So what does this mean?

Boy bands are thriving with sexuality, whether it’s intentional or unintentional, which can be very appealing to young girls (and maybe boys; no discrimination), who are currently experiencing adolescence and exploring their feelings of love and lust.  As the New York Times explained in their article, “the varying personalities of boy bands’ members could be seen as a testing ground for attraction”. We won’t get into the logistics of puberty, but basically with the increase in hormones and sudden sexual urges, the younger generation is the perfect target audience for boy bands. The fact that there are multiple members in the group, with all different looks and personalities, it makes it easier to attract girls and boys of different ages and personal tastes.

But from what we can see from the Twitter polls and from our own knowledge of the boy band phenomena, good looks aren’t the only thing that causes boy band hysteria; musical ability/talent play a key part too. Boy bands can’t just rely on good looks and personality, there has to be some evidence of musical ability/talent for them to be successful. Without good music and vocals, there won’t be any media coverage, which will drastically hinder their popularity and audience numbers, and even worse, without positive audience feedback there will be no income. That’s why TV talent shows, such as X factor, produce very successful boy bands as the show allows audiences to both hear and see the band before deciding whether or not to support them.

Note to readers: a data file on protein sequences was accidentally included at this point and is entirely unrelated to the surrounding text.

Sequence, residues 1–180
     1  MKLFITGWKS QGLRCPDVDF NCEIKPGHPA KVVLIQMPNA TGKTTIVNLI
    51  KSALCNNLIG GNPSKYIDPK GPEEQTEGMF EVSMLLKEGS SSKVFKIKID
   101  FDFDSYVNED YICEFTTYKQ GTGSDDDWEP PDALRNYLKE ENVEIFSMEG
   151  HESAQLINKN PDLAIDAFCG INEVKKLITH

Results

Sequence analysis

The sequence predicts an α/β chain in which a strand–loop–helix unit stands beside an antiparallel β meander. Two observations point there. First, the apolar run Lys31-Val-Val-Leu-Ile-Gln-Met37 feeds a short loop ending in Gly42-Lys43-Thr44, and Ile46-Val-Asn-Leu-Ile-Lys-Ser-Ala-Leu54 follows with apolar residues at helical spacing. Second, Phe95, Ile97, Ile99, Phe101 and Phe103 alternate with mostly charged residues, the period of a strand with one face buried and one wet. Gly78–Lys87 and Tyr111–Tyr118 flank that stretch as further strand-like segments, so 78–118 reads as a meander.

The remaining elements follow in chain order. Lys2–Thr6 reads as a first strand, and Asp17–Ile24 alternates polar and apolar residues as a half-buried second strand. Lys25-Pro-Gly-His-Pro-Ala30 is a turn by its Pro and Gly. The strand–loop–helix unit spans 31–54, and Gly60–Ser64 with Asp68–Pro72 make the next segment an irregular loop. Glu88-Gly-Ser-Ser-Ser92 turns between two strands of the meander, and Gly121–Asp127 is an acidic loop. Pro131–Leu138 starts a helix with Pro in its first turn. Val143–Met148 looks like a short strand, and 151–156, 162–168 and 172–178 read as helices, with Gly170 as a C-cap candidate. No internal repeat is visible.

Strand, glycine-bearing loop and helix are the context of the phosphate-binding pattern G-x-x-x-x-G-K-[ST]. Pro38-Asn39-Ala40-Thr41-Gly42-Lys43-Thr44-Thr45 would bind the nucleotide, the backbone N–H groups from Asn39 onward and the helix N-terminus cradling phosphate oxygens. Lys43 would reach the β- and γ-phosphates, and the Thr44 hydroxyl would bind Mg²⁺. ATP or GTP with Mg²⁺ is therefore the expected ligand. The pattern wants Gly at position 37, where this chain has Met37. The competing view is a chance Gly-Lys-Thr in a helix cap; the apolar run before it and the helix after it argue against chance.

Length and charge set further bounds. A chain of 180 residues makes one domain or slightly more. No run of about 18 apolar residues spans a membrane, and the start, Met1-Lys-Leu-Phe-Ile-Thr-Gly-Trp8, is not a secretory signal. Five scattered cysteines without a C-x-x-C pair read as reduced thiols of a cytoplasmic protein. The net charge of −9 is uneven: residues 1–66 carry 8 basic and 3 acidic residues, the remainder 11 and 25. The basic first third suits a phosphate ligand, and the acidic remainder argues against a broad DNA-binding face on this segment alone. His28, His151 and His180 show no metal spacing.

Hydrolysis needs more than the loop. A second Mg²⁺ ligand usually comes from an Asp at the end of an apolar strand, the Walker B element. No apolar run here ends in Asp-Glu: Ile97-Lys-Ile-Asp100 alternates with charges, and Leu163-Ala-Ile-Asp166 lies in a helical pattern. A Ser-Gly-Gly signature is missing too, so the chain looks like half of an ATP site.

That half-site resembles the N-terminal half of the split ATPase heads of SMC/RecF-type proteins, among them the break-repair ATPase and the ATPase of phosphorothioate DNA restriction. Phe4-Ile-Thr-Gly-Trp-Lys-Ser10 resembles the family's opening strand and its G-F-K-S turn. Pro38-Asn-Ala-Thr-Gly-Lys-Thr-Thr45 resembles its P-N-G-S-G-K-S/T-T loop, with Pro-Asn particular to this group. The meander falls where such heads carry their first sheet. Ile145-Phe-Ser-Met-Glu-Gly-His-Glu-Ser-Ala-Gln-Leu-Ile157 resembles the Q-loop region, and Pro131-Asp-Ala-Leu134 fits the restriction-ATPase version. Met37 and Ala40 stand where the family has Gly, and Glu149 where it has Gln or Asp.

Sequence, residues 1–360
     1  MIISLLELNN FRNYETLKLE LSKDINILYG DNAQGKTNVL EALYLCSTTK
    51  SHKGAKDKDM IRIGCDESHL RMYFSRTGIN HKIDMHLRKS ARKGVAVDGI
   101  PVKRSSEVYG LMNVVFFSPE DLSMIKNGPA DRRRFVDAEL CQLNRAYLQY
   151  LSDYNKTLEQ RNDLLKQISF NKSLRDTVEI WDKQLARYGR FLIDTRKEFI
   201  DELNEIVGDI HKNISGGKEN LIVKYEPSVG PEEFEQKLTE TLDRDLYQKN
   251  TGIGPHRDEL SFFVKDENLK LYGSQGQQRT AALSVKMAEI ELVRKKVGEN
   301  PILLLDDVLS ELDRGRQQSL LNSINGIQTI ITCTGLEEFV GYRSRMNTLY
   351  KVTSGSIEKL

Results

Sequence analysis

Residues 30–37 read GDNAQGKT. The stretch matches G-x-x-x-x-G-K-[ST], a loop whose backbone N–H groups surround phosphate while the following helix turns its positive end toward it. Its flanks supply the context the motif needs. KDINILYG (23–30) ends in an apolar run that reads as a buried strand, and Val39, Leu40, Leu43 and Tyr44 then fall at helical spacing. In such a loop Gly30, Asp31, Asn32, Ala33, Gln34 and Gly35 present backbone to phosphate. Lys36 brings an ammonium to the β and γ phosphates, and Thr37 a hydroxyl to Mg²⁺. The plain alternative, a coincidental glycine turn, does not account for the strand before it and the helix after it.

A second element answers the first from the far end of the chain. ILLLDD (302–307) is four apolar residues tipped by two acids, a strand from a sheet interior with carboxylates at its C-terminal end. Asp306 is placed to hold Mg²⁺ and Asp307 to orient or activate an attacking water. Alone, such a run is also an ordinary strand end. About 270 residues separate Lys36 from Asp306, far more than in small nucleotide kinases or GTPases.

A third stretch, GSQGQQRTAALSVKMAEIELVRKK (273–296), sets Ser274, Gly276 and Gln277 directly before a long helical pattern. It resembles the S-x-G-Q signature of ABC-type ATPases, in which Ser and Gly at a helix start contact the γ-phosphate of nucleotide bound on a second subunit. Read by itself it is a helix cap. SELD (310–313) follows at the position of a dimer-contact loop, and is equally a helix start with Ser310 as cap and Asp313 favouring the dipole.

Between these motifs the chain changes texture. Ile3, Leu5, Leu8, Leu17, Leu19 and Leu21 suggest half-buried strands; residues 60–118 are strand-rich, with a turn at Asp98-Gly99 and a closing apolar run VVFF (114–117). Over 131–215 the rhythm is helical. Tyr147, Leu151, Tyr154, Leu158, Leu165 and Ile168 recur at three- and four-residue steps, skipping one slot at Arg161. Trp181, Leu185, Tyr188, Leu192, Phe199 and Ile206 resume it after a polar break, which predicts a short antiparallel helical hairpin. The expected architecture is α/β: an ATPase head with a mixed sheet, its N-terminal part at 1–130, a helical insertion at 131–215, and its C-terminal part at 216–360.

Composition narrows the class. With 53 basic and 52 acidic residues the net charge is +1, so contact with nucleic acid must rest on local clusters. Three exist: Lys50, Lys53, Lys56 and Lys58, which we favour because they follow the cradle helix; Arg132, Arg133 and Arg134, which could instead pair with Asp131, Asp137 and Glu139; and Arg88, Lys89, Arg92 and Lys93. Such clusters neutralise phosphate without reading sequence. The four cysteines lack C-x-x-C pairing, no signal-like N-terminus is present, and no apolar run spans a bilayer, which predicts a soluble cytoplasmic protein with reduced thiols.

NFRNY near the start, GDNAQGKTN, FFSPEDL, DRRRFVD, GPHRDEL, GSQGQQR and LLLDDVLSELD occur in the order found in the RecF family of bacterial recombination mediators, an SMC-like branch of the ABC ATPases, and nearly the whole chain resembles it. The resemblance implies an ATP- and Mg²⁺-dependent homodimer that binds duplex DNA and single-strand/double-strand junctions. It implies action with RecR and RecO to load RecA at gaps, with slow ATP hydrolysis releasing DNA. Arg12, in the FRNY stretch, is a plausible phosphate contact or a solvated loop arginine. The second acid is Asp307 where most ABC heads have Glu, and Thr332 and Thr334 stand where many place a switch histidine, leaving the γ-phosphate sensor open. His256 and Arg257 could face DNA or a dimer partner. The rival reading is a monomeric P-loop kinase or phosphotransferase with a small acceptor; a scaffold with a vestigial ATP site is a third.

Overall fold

So now we can see that boy bands appeal to the younger audience because of one of many factors. If a boy band has the good looks, and are able to create some nicely-written music as well as harmonize with each other, then they have a big chance at fame and popularity.

Are you a fan of the boy band phenomena? Do you agree with our analysis? Do you think boy bands will continue to be a music trend? Let us know!

Local scene: Q and A with Will Pantelis

Will Pantelis is an aspiring 20-year-old musician, studying Music Education (Sonic Arts) at the University of Adelaide. On top of being a part time student, he is working on writing and producing his own album. We sat down with Will to find out more about his music and what it’s like being an aspiring artist in Adelaide. 

When did you discover your passion for music?